My Tía’s Redención, A Lyric Poem
Click, click, click. Medium blue flames licked
the bottom of the cellophane-flaking, greased stained pan.
Raw white sopes lovingly slid into crackling oil,
never measured, perfectly patted into form;
she gracefully dragged queso fresco up and down,
each clump falling in submission.
We gathered, each knowing our place, around
bowls of crisp, shredded iceberg lettuce,
tender meat that slid down your throat,
Cebolla, limón, tomate, chile,
creamy black beans that spread like warm butter,
all elegantly laid on the unsteady four-legged board
we trusted enough to call the mesa;
we straddled chairs that were made to be
ornamental and outdoors,
careful not to get a splinter, trusting the protection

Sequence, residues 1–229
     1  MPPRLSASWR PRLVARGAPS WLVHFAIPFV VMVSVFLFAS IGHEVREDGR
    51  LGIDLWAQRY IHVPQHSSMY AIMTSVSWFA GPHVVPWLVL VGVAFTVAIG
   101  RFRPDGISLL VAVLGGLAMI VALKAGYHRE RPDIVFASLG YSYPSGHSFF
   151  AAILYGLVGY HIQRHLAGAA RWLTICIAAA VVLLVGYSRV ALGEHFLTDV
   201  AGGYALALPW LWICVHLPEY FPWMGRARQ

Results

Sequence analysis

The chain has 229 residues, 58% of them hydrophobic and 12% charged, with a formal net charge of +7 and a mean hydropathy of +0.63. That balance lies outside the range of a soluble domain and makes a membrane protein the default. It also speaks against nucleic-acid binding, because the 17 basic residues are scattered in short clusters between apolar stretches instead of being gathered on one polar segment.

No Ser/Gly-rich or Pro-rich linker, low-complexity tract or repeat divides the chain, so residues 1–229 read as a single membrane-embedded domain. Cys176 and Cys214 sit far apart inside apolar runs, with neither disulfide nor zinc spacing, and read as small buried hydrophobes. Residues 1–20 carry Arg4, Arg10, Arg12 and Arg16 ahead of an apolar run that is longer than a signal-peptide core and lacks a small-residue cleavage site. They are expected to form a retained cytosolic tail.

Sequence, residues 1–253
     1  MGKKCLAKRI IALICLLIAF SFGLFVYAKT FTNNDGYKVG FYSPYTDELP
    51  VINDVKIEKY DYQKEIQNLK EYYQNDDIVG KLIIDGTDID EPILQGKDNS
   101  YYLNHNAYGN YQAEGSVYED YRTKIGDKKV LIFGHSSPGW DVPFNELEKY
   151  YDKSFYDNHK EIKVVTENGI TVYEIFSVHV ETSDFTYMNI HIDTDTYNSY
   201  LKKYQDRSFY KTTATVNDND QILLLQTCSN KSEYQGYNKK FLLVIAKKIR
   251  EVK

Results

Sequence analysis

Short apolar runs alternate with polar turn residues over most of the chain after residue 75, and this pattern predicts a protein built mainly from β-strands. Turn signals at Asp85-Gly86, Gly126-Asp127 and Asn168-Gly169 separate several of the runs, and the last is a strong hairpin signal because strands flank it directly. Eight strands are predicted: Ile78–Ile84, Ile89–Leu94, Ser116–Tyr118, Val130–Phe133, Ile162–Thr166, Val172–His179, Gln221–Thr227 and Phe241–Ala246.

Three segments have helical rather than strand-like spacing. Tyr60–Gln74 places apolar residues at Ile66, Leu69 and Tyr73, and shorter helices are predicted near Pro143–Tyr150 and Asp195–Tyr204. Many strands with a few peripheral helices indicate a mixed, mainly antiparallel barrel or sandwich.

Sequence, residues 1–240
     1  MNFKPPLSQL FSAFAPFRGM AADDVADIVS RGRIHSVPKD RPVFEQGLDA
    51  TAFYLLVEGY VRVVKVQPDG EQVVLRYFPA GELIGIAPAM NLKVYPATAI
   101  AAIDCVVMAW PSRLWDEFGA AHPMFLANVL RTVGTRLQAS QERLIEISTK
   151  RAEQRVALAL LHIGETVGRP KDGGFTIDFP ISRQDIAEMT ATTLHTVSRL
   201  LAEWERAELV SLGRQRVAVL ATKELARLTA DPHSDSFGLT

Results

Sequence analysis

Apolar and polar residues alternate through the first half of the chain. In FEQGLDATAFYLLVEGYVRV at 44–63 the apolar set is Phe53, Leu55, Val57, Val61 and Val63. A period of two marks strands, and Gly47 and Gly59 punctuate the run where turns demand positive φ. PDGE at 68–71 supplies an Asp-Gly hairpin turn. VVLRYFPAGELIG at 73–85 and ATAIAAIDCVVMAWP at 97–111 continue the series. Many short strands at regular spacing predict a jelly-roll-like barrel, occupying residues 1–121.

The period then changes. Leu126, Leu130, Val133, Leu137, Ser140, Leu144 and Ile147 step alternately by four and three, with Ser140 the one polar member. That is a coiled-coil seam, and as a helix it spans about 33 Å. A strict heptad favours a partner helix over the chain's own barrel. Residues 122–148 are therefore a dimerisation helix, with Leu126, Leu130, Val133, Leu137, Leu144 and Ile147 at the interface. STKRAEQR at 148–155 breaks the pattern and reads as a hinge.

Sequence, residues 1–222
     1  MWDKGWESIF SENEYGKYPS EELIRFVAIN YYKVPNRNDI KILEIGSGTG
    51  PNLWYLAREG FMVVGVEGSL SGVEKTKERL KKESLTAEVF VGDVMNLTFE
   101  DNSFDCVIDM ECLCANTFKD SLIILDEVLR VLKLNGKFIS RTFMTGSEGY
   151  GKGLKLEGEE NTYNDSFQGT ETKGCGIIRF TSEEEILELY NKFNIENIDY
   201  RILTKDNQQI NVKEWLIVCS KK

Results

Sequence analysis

from thin cushions that lost a little bit more filling
each time they were sat on.
This sanctuary protected my Tía
from vicious judgments, unmerciful grudges
for forbidden passions as a freshman at Pasadena High;
for forfeiting motherhood and Juan Carlos
in callow obedience to Abuela.
En la cocina, no one remembered to question her dignity
once her brown hands, temporarily in charge,
went to work to give us intoxicating
warmth, safety, love in each mouthful.
I can still feel the guilt sink heavily in my stomach.
Her children, my brother and I, Raúl; never
letting her forget her place.
We used to forget to leave any food for her.
She cried every time.
Jackie Loew teaches 8th Grade English at Southeast Polk Junior High. She lives in Ankeny with her husband and two sons. She wrote this piece for a creative writing class she took in the fall.